Huge power is great for racetracks and short-duration, high-speed riding, but just like a having a big V8 motor in a car, it tends to chew through the fuel supply in a hurry. For the Experia, Energica smartly went with the smaller motor and a new larger battery offering a maximum of 22.5 kWh of capacity – the largest electric motorcycle battery currently being offered by any bike maker. The smaller motor also sits lower in the frame, which aids handling and helps the bike feel lighter than its 573 pounds might suggest. Even with the smaller motor, the Experia can still easily clear triple digits and is electronically limited to 112mph, but a big top speed number wasn’t what Energica was after with the Experia, the real goal is addressing the Achilles heel of electric motorcycles: extended riding range. The company says that urban riding range will be over 250 miles before a charge is needed, while highway riding nearly halves that number to 130 miles at a constant 73 miles an hour. Mixed riding will average 160 miles, depending on the “mix.” More speed and more highway miles equals less range, and vice versa. For comparison, most other electric motorcycles on the market can barely clear 100 miles of range in mixed riding.

Electric powertrains work opposite of gas-powered machines, getting better “mileage” (or range, in the case of EVs) in stop-and-go urban riding where regeneration tech charges the battery anytime a motorcycle (or electric car) slows down, and lower speeds also demand less electrical power. And while 130 miles of pure highway range doesn’t seem like much, many riders welcome a break to stretch, eat, nap, drink or check their phone after more than two hours in the saddle. When it’s time to charge the Experia, Energica leads in that regard as well, with all Energica motorcycles accepting fast-rate DC Fast (”CCS”) chargers that will zap the battery to 80 percent in an hour. The bikes will also charge using common Level II home chargers, or they can be plugged into a wall outlet like an appliance. Slower, but better than nothing.

Deliveries of the new Experia are expected to begin this September for customers that pre-ordered the bike after it was announced earlier this year.

Along with the new Experia, Energica is also looking to leverage their expertise in electric powertrain technologies with a new endeavor called “Energica Inside.” Under that program, Energica could work as consult with companies that might not have the engineering or financial resources to undertake large R&D efforts or beta systems iterations when building electric powertrains. They could also team up with larger-scale companies looking to speed up their electrification efforts.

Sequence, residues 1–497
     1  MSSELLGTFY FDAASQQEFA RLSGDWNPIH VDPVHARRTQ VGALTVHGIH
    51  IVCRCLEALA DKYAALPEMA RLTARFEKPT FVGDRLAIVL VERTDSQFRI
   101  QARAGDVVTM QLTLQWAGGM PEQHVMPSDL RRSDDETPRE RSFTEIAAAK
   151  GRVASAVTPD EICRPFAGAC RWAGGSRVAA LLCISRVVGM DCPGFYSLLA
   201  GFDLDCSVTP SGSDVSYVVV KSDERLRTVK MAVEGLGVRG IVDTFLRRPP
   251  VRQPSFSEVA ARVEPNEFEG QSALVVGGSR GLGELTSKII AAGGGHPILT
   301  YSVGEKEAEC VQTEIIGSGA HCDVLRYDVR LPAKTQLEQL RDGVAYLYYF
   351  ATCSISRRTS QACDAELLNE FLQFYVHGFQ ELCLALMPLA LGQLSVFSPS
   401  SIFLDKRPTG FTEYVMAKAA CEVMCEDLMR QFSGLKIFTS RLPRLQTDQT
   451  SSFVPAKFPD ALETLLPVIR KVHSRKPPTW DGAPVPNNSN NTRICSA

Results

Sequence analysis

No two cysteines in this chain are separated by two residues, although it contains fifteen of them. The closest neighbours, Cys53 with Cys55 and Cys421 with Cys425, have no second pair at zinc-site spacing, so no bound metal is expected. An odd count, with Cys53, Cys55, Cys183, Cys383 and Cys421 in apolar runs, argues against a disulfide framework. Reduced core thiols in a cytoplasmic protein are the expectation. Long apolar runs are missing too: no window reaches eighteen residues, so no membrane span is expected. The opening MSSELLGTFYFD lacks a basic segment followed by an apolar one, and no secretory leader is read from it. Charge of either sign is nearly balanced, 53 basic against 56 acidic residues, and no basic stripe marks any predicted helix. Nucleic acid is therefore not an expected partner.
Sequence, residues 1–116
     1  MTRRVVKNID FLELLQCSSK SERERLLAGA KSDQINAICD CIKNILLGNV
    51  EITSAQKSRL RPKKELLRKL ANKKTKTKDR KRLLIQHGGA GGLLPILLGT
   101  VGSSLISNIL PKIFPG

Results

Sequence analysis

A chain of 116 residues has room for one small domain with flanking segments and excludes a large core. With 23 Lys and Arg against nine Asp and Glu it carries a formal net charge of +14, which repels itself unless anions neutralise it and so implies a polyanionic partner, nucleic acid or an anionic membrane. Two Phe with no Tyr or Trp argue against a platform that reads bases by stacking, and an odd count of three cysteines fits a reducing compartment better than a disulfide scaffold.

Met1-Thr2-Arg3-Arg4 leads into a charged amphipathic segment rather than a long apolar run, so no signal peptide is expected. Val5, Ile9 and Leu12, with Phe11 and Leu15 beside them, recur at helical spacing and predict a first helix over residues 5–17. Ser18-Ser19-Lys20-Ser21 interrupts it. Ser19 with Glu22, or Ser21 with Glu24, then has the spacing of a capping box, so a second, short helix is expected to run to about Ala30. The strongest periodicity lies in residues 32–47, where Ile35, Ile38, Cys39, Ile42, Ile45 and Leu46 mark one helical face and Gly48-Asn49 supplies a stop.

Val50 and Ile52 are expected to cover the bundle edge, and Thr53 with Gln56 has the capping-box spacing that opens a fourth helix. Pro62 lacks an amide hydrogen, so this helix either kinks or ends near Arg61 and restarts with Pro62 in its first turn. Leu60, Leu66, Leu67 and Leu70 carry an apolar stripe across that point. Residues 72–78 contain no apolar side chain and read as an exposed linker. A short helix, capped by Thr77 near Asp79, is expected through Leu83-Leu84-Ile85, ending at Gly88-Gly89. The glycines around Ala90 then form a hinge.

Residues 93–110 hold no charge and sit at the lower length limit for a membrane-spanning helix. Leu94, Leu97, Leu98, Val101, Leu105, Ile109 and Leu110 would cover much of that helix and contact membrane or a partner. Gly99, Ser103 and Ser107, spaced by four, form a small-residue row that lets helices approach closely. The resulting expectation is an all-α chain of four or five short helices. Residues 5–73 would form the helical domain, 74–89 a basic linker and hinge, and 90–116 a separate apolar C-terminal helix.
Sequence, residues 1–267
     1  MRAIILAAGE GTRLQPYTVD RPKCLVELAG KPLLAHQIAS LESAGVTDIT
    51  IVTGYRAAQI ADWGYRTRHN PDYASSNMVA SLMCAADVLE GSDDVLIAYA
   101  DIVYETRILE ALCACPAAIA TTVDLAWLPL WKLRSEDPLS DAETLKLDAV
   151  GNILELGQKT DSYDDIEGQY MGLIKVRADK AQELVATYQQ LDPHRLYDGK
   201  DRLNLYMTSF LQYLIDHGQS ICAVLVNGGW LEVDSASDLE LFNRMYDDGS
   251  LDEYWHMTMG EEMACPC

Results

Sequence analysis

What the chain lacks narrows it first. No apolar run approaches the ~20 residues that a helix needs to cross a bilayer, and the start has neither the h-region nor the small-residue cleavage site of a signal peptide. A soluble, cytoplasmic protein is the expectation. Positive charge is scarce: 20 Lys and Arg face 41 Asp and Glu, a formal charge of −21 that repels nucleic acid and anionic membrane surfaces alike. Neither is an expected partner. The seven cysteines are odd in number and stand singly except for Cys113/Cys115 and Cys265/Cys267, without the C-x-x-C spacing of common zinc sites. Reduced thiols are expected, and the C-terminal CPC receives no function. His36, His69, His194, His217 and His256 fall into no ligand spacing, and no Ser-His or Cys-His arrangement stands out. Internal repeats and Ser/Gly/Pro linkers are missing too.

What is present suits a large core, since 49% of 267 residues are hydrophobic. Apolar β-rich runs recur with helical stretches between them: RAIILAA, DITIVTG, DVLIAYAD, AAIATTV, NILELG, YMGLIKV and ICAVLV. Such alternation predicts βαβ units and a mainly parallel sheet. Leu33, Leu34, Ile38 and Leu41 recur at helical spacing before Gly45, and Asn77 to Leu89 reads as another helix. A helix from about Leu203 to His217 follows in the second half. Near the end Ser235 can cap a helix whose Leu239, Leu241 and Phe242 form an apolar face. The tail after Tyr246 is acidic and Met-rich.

However, Energica CEO Livia Cevolini told Forbes.com that Energica would not be specifically building the tech for those companies, rather, they would be supplying the “expertise” they have developed in battery technologies, motor controllers, charging and power management since launching their first electric motorcycles over a decade ago.

While the data and design “advisor” approach is significantly different (and perhaps more cost effective) than building the actual EV tech other companies would pay for, this is suddenly becoming a crowded field – and it could get even more saturated as large-scale players decide to get in the make/design-it-for-other-OEMs game that is easier to enter with electric drivetrain tech than, say, cranking out sophisticated new gasoline or diesel engines.

Already in the electric motorcycle space (or just the not-electric-car-space), market leader Zero Motors is already working with UTV/ATV icon and Indian Motorcycle parent Polaris (PII). Smaller players like three-wheel EV maker Arcimoto (FUV) are also looking to partner up, making Energica’s “Inside” play far from guaranteed. Arcimoto plans to produce the base chassis and propulsion hardware (below) for other EV makers instead of just filling an advisory roll as well, so there are clearly several ways to play at this point.

Hooking up with a much larger vehicle maker as a development partner not already in the EV space would be a key win, such as if Energica were to partner with, say, Kawasaki, which has struggled with EV efforts to date, or a European carmaker. However, most every vehicle maker has now dedicated resources to EV development and would, most likely, want to keep their efforts “in-house” at some point to reduce costs and streamline integration, so it could be a tough sell for Energica Inside.

Time will tell and indeed, context is important: We are still in the very early days of the EV revolution in transportation, so truly, anything is possible. Meanwhile, Energica has what could be a breakout new electric model on their hands, and the pre-orders are piling up.

Look for my full ride review of the Energica Experia later this fall here on Forbes.com.